It is all very well to be told that we have to listen to the people more attentively then they wouldn’t elect Trump, Hofer and Le Pen and they wouldn’t vote for Brexit.
But what does this mean? Who is meant by the word “we”? What is listening more attentively? I am in Burgenland at the moment. I was out shopping and met an old friend. We had a chat and she told me how she is getting on. So what pose should I adopt to “listen more attentively”? Should I look intent or concerned, or what?

Firstly, I am a totally normal person and my friends are totally normal people. Surely I don’t need to listen to “the people” more attentively because I am part of the elite. That is what Strache is saying but I don’t believe anything he says and least of all that. I will certainly not have him and bleeding-heart columnists telling me that I am not normal.

Secondly, I travel around the state and, as far as possible, around all the federal provinces. I listen and I follow the threads – and I even answer. Around the clock. As an equal. Therefore I also tell racist idiots that they are racist idiots and don’t feel sorry for them with their victim blaming mentality. This is the line Strache takes but I don’t believe anything he says and I don’t believe that either.

Thirdly, what is all this whining that the Internet and Facebook and all these postings are to blame? I read that the people out there want the good old days back. Perhaps. But nobody wants to turn the clock back more than the political correctness brigade. The workers are feeling nostalgic for the Kreisky era? So what? I can understand that 1000x better than the readers’ letters nostalgia. We have always selected the bits which the workers are allowed to say in public… how nice it all was.

Let me tell you something: the people are empowered. Not only through Facebook and postings – that is just the icing on the cake. The people are also financially empowered after 70 years of peace and economic upturn. I read that “people have a smartphone, two cars, three holidays a year and four televisions and they are still not satisfied.”

Yes, that’s true, dammit. Because they have no say. But, in contrast to former times, they would be able to and they also want to. No longer are they the poor coal miners who grafted for 16 hours and were grateful just to have a warm room. Thank goodness. They are higher up the hierarchy of needs. They are buying their second car and choosing every detail down to the seat covers. When they go shopping in H&M, there is an iPad near the exit where they can enter feedback on every aspect of their shopping experience. For goodness sake, now you can assess how clean the public toilets in shopping centres are and enter your evaluation in digital systems.

But people can only vote once every five years and the rest of the time they are supposed to put up and shut up? And this won’t drive the people to distraction?

To be honest, all this whingeing and nonsense totally reminds me of Habermas and the points he puts forward in ‘The Structural Transformation of the Public Sphere”: the middle classes climb the social ladder and become prosperous and influential but the aristocracy has its court ceremony and affirms its importance, and the members of the bourgeoisie do not feature in this establishment. So they create their own society, with salons and coffee houses and reading circles, and a new approach to politics is a subject of discussion in this new society. Metternich sends out his spies and they were probably also to be heard at the court saying, “We need to listen to the people more attentively. There is such a frenzy of hatred in all these postings in the reading circles. Have you read the poems by this one called Schiller???”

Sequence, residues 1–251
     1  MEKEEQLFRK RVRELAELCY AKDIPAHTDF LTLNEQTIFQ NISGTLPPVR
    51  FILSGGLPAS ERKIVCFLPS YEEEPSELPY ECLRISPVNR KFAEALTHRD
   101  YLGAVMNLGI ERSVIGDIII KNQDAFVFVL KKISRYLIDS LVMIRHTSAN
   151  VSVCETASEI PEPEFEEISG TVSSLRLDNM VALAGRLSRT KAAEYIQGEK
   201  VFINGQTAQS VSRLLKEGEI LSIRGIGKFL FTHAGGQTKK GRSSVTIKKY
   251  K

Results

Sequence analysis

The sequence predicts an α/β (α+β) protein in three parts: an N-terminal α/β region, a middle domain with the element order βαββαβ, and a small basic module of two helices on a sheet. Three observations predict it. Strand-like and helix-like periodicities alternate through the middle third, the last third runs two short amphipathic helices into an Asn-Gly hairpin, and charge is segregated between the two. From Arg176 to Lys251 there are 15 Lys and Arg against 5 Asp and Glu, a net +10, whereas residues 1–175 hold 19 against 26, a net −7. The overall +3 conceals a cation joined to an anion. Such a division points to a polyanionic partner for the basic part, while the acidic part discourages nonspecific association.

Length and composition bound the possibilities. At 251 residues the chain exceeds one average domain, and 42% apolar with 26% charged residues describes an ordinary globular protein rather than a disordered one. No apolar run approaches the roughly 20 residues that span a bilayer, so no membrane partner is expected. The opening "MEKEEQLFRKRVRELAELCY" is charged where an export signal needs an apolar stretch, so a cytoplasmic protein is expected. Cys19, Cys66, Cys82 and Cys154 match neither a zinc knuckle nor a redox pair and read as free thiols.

No, we don’t need to listen to the people more attentively. We have to let them join in the conversation. They are not poor wretches who need us to translate their concerns into policies. They are citizens with the right to vote. Period.
Parliamentary democracy, as contrived in the last structural transformation of the public sphere and as we know it today, is optimised for the territorial state of the 18th century (!!!) The people wanted to have their say so they elected representatives who rode to the capital on horseback and joined the debate in parliament. That was all that was possible in those days.
Today more is possible. And no, that is not the end of parliamentary democracy. Nobody will want everything to be sorted out by the democratic route. 99 per cent of politics is made up of issues which people don’t want to be bothered with while they are picking their children up from the nursery and still have to go shopping at the local supermarket. But that still leaves one per cent who want to get engaged. And they are not allowed to take part in the debate although they would be capable of doing so. And yet they do have the right to take part. Not the right in the legal sense, the constitutional right, the right of “the system”… but the moral right. It is our state, our democracy. And if we are not allowed a say *although we would be capable*, it is not a democracy…

It may be fine as long as we feel that it is working anyway. But what happens if it isn’t? What if we are gripped by a fear of falling? Should we just watch? And if no progress is made for years, should we just keep watching? Really? That would be negligent. It is only natural that the pressure will increase. It is only natural to want to do something… and it does feel like acting in self-defence!

I can understand that. No, I won’t listen to the people more attentively. I will let them speak.

Like this. Rant over. Thank you for listening.

Posted by Michel Reimon